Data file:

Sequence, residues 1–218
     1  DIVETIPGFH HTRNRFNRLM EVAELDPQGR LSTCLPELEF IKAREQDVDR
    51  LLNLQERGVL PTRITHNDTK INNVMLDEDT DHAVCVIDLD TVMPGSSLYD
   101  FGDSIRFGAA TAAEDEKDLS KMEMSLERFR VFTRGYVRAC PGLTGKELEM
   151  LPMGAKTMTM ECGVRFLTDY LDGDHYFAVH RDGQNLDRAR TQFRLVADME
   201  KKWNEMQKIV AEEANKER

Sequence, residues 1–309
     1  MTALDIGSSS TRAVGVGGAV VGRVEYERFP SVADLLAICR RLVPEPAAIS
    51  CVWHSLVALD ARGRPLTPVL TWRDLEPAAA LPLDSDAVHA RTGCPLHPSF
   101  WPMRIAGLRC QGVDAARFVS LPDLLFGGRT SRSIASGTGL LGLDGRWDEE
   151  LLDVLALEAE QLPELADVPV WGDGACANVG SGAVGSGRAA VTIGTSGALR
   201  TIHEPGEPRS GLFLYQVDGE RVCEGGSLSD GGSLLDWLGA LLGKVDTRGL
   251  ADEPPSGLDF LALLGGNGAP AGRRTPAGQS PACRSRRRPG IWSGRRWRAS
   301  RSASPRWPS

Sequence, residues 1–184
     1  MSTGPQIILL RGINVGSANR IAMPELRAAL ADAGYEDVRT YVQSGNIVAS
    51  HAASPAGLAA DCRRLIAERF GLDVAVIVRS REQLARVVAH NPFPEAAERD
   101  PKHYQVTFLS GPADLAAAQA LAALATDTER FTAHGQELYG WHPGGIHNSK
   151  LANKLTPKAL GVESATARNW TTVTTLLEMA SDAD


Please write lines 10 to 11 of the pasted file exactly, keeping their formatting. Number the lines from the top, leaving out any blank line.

   101  WPMRIAGLRC QGVDAARFVS LPDLLFGGRT SRSIASGTGL LGLDGRWDEE
   151  LLDVLALEAE QLPELADVPV WGDGACANVG SGAVGSGRAA VTIGTSGALR